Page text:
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"Wherefore, holy brethren, partakers of the heavenly calling, consider the Apostle and High Priest of our profession, Christ Jesus" (Heb 3:1 AV)
Consider Yourself is the title of a song from Lionel Bart’s famous West End musical, based on Charles Dickens’ novel Oliver Twist.
The song, which captures the moment when Oliver is accepted into Fagin’s young band of thieves, concludes with the following lines:
Consider yourself our mate.
We don't want to have no fuss,
For after some consideration, we can state...
One of us!
Shortly before one of the leading Pharisees, a man named Nicodemus, paid an unexpected visit to Jesus, under cover of darkness, the crowds had been drawn to this new miracle worker and his teaching concerning the Kingdom of God and wanted there and then to identify themselves with him (John 2:23). Jesus had refused that invitation (24) and now it was the turn of some in the religious establishment to seek to control Jesus by adopting him into their own teaching fraternity.
“We know…” Nicodemus attempted to explain to Jesus, “that you are a prophet sent from God…” referring to the acknowledgement by some leading Pharisees of the miracles that were fast becoming a hallmark of Jesus’ ministry.
The Pharisees regarded themselves as the ones ‘in the know’ as far as religious matters were concerned, and the Pharisee, Nicodemus appears to want to grant a Pharisaic ‘seal of approval’ on the new Rabbi from Nazareth, effectively making him one of their own. “Consider us” they might have said, “and join our company.”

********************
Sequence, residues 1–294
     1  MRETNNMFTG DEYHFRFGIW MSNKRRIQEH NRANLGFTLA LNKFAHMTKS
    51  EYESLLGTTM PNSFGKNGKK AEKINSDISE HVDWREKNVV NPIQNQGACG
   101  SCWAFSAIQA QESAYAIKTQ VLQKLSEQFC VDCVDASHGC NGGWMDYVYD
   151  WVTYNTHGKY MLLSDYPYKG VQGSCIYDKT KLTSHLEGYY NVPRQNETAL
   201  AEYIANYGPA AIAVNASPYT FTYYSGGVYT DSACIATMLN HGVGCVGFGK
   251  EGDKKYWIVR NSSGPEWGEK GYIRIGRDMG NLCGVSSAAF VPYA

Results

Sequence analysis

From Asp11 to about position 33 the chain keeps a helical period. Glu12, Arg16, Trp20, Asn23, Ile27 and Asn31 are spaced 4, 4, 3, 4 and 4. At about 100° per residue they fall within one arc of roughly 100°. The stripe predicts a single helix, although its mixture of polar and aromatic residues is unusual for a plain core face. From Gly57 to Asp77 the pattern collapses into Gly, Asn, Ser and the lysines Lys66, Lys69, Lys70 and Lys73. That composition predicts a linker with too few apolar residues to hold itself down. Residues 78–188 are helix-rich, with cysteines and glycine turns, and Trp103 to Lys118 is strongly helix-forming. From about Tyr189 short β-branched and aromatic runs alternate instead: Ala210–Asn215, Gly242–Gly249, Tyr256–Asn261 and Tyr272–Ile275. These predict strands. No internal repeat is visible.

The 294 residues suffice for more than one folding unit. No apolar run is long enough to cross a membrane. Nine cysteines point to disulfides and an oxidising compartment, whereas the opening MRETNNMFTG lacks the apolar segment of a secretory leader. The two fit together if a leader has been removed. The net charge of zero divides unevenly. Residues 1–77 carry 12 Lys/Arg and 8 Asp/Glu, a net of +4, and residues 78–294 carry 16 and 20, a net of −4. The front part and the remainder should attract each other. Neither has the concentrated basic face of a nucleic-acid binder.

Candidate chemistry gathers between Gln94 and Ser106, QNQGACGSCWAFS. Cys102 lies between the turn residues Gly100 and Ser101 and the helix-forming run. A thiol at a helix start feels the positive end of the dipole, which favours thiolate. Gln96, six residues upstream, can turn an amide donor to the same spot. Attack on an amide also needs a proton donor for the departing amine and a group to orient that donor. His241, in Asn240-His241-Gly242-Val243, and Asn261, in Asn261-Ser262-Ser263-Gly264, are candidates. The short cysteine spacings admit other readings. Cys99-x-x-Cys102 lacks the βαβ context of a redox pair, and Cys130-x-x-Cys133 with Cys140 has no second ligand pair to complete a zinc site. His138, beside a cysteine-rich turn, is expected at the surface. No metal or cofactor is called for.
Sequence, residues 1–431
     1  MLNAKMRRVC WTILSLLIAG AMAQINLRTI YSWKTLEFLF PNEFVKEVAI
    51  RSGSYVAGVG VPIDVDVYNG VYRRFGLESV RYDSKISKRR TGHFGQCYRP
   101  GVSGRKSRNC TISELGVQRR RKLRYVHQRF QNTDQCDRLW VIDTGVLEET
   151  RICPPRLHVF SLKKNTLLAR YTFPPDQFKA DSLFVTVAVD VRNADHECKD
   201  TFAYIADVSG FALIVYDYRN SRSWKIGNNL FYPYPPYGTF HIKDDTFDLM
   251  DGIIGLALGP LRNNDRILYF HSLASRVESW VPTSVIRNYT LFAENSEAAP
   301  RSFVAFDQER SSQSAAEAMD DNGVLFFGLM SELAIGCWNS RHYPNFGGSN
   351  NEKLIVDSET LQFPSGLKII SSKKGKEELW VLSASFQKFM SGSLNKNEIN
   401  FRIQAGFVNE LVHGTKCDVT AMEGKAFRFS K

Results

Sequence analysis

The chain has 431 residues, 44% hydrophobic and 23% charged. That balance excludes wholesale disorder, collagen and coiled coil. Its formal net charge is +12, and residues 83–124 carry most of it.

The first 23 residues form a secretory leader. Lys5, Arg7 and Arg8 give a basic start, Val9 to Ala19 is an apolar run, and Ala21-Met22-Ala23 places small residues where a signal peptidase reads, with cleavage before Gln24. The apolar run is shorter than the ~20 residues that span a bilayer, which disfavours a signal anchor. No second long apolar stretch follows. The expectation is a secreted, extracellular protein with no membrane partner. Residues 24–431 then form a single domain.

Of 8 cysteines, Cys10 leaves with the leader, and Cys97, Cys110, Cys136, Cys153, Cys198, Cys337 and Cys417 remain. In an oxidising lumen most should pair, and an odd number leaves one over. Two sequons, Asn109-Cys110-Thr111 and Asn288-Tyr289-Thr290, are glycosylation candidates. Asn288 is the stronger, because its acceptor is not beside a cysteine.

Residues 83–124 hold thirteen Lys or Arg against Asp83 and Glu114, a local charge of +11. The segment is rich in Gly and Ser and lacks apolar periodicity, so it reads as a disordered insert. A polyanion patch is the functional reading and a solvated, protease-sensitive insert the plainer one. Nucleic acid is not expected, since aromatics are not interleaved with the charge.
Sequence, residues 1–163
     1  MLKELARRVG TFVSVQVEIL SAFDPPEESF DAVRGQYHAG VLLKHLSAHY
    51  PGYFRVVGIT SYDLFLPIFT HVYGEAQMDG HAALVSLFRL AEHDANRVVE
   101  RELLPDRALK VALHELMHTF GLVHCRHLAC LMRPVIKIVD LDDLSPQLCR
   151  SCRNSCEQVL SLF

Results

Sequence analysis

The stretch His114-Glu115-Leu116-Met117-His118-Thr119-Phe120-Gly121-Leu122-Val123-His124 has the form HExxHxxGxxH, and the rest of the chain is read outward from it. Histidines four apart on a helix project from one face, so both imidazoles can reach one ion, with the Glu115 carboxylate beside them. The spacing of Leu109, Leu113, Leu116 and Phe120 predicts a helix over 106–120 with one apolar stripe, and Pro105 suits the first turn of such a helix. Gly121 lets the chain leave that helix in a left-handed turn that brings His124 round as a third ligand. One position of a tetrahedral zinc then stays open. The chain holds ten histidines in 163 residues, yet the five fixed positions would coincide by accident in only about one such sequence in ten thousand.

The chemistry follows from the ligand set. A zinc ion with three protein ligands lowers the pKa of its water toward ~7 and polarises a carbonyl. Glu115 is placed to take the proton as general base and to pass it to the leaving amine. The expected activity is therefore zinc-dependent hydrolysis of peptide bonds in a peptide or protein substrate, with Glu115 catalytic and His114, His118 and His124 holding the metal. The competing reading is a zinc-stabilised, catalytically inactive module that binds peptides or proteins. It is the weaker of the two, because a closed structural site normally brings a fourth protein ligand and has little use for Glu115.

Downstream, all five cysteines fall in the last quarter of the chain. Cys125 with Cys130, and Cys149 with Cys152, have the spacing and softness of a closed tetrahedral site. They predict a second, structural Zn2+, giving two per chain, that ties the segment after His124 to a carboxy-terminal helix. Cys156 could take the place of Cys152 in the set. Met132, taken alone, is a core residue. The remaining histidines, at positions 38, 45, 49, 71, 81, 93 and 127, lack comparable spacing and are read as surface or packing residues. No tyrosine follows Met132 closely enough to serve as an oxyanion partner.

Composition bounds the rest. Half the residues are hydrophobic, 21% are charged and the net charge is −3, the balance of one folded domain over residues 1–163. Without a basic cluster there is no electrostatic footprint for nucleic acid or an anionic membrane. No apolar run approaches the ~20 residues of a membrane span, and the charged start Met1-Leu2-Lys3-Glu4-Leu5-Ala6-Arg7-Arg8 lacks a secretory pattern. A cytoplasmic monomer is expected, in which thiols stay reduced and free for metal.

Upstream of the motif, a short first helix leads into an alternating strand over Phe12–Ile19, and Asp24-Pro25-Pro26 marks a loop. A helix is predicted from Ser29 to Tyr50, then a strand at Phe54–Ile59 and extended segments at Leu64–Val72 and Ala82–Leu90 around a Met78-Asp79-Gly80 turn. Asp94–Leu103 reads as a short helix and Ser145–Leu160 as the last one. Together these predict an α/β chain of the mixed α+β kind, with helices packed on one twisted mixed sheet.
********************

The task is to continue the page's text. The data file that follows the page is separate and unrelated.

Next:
But Jesus’ reply took Nicodemus completely by surprise. “Except a man be born again, he cannot see the Kingdom of God.” The Kingdom of God, Jesus revealed, was unfolding there and then (Luke 17:21) but, without experience of the new birth, it was impossible even for these religious leaders either to see it or to enter into it.
As Jesus demonstrated to Nicodemus, the new birth is a work of the Spirit, not of the flesh and the spirit, just like the wind that blows around us, it is beyond our control, though we hear its sound (or voice) and can only respond to it. We can’t control it (John 3:8).
Just like the crowds who had gathered to hear him, we want to take hold of Jesus and make him our own (John 2:23). We look at ourselves and consider that we want to be more like him and so we strive to re-fashion ourselves in his image. This all seems very good, but the focus is often more on the self and less on Jesus who must not only the object but also the author and finisher of our faith (Heb 12:2).
Instead, our confidence needs to be, as T.F. Torrance has said, “in Christ’s grasp of us rather than in our grasp of him.” It is Jesus who has chosen us not we who have chosen him (John 15:16) and we can be confident that, having taken us to himself, he will hold us firmly and securely (10:28).
The new birth that Jesus calls us to is a sharing in the new life that he has affected for us through his own life, death and resurrection. Jesus is the new birth. He is the new man or the ‘second man’ as Paul calls him (1 Cor 15:47) and we can only discover our true identity as we set aside our former selves and consider him, resting in his grace.
Only when we consider Jesus as the very substance of our being do we experience our true self, expressed through a perfect life (his), in full communion with God our heavenly Father.
As Paul stated in his letter to the churches in Galatia: “I am crucified with Christ: nevertheless I live; yet not I, but Christ lives in me: and the life which I now live in the flesh I live by the faith of the Son of God, who loved me, and gave himself for me” (Gal 2:20).
by Richard Dempsey
Cambridge, England - email@example.com
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